Pope Benedict XVI is in Benin on his second visit to Africa.
Huge crowds welcomed the pontiff at the airport in the city of Cotonou.
The BBC reports there is huge excitement across the country and some 10,000 pilgrims are expected from neighbouring countries.
Friday was declared a public holiday, Cotonou's streets have been cleaned and buildings are adorned with welcoming posters.
Pope Benedict was greeted by a 21-gun salute after he landed in Cotonou, Benin's largest city, where he was met by President Thomas Yayi Boni.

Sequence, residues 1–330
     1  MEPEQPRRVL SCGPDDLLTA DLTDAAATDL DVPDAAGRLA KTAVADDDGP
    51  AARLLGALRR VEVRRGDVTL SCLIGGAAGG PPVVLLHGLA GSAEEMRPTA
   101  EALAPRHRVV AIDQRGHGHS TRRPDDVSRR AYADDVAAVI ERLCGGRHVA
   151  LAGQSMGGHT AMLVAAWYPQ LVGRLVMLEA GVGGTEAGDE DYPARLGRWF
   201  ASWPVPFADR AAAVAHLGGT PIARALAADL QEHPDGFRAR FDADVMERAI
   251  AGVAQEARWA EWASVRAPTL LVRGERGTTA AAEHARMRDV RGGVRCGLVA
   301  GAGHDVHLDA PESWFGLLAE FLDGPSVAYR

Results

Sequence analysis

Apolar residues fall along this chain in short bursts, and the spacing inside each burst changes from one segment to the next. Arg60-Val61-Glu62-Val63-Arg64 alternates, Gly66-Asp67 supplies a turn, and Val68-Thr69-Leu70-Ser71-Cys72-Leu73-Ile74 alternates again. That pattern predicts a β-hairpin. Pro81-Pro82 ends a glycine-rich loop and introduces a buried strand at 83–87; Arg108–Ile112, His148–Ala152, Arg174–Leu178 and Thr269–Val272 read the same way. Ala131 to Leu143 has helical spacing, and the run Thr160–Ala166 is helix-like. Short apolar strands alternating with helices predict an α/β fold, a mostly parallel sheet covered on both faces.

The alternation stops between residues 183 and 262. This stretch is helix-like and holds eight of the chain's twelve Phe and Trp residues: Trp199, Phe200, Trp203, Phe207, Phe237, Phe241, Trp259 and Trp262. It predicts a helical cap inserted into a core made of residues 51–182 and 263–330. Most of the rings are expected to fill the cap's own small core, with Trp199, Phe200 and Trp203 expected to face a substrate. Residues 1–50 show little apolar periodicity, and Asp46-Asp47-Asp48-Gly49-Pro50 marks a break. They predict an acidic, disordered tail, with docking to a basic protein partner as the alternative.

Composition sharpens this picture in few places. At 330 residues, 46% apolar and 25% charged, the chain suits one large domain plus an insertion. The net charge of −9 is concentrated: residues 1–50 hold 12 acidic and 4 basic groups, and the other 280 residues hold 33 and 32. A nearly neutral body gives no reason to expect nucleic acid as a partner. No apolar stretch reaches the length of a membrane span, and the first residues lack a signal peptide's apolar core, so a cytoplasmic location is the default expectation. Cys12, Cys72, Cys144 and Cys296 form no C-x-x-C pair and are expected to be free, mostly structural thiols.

Benin is widely seen as the home of Voodoo and the religion is followed by some 40% of the country's population.
Catholic missionaries first arrived in Ouidah 150 years ago and the city has the largest Catholic seminary in West Africa.
The city's cathedral was built on land which was originally a sacred Voodoo site where offerings are made to the gods. It now overlooks a temple where the snake-god is worshipped.
High-ranking Voodoo priests have been invited to meet the Pope.
The Pope is expected to address the questions of human rights, justice and reconciliation on the continent.
On Saturday, he is to sign a formal apostolic exhortation entitled The Pledge for Africa (Africae Munus in Latin), which covers these subjects.
"May this document fall into the ground and take root, grow and bear much fruit," the Pope said upon his arrival.